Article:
Tuesday, February 1, 2011


Questions are now being asked among former military officers whether the captured Somali pirates ought to be killed at the high seas or captured and brought home to face justice. This is indeed a difficult question to answer, and I suppose the navy commandos and the RMN ship captain would have been confronted with the same question before they finally came to a decision to have the captured Somali pirates brought home.

Now that the seven captured pirates are here and have been brought to the magistrate’s court for remand hearing on Monday, what would be the subsequent action and for how long would they be here to face trial that would be at public expense.

From my personal point of view (which may differ from the views of others) I think the solution would be to have them dump at the high seas, rather than take them home as prisoners. I know this may not be to the liking of some, especially those that are passionate and advocates of human rights. But please remember that these pirates are known for their violence and would not stop to kill others to achieve their aim. It is just lucky that none of the ship’s crew were hurt, and including the navy commandos. And it was reported that ‘Somali pirates are holding at least 25 ships with more than 600 hostages and have made millions of dollars hijacking ships in the past’. Are these not examples of dangerous precedence’s.

As a Special Forces unit, the navy commandos are trained to kill and taking prisoners is not a likeable option, especially if there has been a firefight, and the commandos are of the full knowledge that the pirates are dangerous. The fire fight itself is a clear indication of willful resistance, and the only solution to quell such resistance is to silence the pirates off by killing them. I do not know if there is any international convention or laws that the commandos have to abide when engaging the pirates in high seas. And if there was one, certainly there would have been an international outcry as to the way the Australians, Koreans and Malaysians had acted against the pirates.

Some have argued that rather than take these captured pirates home, it would be better to hand them back to the Somali government. I would have a second thought about this argument simply because there is no proper government in place in Somali today. Had there been a proper government, pirates would not have been roaming freely off the Somali and for all you know, the activities of these pirates are sanctioned by the Somali government. For those who had served in Somalia during the troubled times will understand the true nature of the Somali people.

Now that we are saddled with the problem of putting these pirates to justice, let’s hope that the police will do a thorough investigation that will see them being charged, prosecuted and obtain a correct judgment speedily. Police investigation and prosecution of several cases in the past has not survived the courts, and I fear the same will happen to these pirates.



Major (Rtd) D.Swami said...

Pirates have been dealt with throughout the ages, with death. The special forces who captured the pirates were criminally placed at risk, when our attack helicopter, after expanding 600 rounds did not kill off any of the pirates. After all that is the purpose of an attack helicopter. I have served in Somalia under Chapter 7, they only understand brute force. There was one incident, I will not mention names, one Malaysian patrol was fired upon, the Malaysians returned fire, something like 20 over Somalis were killed. The Force Commander was of course very unhappy. After that incident the Somalis used to place their weapons on the ground whenever they saw the Malaysians. There were many other incidents. The other likely reason they were not killed off like in the Al Maunah case, was that these pirates were Muslims. Maybe.The Russians and Indians always killed off the Somali pirates. They have become very unattractive targets for the Somalis. That, one must ponder upon.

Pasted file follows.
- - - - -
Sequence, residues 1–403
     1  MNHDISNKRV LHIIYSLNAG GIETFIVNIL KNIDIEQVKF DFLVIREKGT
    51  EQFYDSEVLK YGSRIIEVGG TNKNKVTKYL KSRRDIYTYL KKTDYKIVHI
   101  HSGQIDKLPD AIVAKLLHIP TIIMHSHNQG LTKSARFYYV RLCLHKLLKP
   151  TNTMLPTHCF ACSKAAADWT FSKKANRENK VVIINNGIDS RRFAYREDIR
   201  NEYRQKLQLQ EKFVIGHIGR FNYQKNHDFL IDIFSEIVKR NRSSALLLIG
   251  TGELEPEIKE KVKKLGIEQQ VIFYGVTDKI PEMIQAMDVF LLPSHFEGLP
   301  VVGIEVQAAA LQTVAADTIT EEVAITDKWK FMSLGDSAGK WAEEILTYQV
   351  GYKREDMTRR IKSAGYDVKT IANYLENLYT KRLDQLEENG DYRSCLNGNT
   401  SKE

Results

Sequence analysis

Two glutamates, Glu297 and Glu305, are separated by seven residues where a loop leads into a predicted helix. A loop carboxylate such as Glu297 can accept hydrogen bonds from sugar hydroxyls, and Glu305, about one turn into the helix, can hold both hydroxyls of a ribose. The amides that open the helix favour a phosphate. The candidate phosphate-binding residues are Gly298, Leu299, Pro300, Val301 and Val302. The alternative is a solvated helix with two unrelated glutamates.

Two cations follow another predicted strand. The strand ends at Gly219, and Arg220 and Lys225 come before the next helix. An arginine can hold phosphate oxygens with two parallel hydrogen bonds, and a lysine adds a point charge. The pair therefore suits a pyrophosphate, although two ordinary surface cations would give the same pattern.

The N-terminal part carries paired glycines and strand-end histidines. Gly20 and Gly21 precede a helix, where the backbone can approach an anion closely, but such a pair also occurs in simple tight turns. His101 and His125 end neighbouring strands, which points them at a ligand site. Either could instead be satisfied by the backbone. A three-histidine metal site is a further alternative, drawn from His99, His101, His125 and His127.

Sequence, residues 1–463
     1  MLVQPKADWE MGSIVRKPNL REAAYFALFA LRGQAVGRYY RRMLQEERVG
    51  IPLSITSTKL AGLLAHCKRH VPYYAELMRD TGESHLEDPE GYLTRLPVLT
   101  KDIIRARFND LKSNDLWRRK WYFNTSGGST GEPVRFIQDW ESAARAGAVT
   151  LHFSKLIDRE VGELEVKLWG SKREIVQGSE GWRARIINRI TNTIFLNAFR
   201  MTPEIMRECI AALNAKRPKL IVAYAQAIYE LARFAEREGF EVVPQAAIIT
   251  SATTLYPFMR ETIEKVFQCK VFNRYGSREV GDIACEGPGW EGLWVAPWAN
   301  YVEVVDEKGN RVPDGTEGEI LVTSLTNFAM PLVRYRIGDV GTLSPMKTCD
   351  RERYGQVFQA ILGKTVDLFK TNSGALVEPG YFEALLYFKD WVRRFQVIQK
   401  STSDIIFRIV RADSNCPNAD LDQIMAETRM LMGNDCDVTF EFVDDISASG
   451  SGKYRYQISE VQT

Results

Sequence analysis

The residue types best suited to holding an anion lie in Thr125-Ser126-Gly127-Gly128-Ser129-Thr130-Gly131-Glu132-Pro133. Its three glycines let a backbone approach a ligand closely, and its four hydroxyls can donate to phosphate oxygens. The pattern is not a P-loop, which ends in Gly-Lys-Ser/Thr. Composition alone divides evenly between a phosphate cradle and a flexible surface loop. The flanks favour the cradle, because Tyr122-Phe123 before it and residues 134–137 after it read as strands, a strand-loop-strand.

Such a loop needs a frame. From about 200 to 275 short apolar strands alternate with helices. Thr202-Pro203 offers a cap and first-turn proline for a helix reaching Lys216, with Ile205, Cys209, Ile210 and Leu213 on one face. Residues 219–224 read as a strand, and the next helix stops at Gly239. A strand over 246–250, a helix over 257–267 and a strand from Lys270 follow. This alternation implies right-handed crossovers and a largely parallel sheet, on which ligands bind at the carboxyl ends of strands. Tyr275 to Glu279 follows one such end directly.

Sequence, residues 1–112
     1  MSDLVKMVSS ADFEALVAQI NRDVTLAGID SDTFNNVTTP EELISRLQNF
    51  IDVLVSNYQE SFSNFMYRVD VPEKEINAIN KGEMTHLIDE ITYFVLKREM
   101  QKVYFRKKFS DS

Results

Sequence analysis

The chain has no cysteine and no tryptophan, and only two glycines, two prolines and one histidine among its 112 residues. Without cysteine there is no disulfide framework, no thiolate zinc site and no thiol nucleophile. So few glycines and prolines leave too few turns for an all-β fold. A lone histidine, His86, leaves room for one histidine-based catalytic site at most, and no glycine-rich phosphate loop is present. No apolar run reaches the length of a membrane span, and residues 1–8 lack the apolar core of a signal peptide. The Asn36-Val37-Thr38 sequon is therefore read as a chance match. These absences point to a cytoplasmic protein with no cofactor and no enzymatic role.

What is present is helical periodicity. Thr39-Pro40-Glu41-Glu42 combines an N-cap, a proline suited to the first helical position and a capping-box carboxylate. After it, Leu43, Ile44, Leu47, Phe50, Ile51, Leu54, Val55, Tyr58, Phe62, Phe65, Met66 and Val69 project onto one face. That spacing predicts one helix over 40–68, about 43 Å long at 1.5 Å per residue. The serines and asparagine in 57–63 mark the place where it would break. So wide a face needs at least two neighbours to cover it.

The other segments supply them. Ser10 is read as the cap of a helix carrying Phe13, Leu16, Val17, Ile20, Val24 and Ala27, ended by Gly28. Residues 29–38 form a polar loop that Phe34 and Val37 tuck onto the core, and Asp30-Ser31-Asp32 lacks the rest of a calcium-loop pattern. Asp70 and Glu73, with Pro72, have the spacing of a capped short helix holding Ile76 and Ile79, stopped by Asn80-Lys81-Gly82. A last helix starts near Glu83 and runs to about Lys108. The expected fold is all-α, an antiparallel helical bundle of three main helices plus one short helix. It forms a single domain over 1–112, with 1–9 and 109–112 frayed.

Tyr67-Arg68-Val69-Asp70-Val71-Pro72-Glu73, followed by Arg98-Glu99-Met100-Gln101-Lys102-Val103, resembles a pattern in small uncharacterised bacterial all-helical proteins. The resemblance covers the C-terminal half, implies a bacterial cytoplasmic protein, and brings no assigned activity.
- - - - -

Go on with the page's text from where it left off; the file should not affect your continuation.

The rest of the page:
Mohd Arshad Raji said...

Dear Swami,

I don't think religion has anything to do with the commandos not wanting to kill off the pirates. Remember the Mamali incident? It was our police field force (predominently Malays)that did the killing. And who are the victims? Malays of the Muslim faith.
In short, brutality knows no boundry.

wira said...

The use of overwhelming force in the face of armed pirates in any situation is certainly legitimate and neccessary. However, to shoot down in cold-blood is cowardly and barbaric, to say the least.
I suspect the reaction of the Somali pirates upon coming face to face with the PASCAL was to throw down their arms, very similar in style to their land-based militiamen. (especially when confronted by Malbatt troops).
This is the only plausible explaination to the lack of KIA.
Further,their rag-tag and un-soldierly appearance probably reflect their lack 0f fighting spirit.
Simply because we are accustomed to seeing brutal vigilante style killings by the police does not mean that our PASCAL should behave in similar manner?
In fact, the incident clearly showcase the positive attributes of the MAF.
Of course anyone immersed in parochial views would straight away look at religion as a probable cause.
But one that is rasionale will instinctly know that religion has no part in the equation.
Once again, I salute the RMN PASCAL for their professionalism.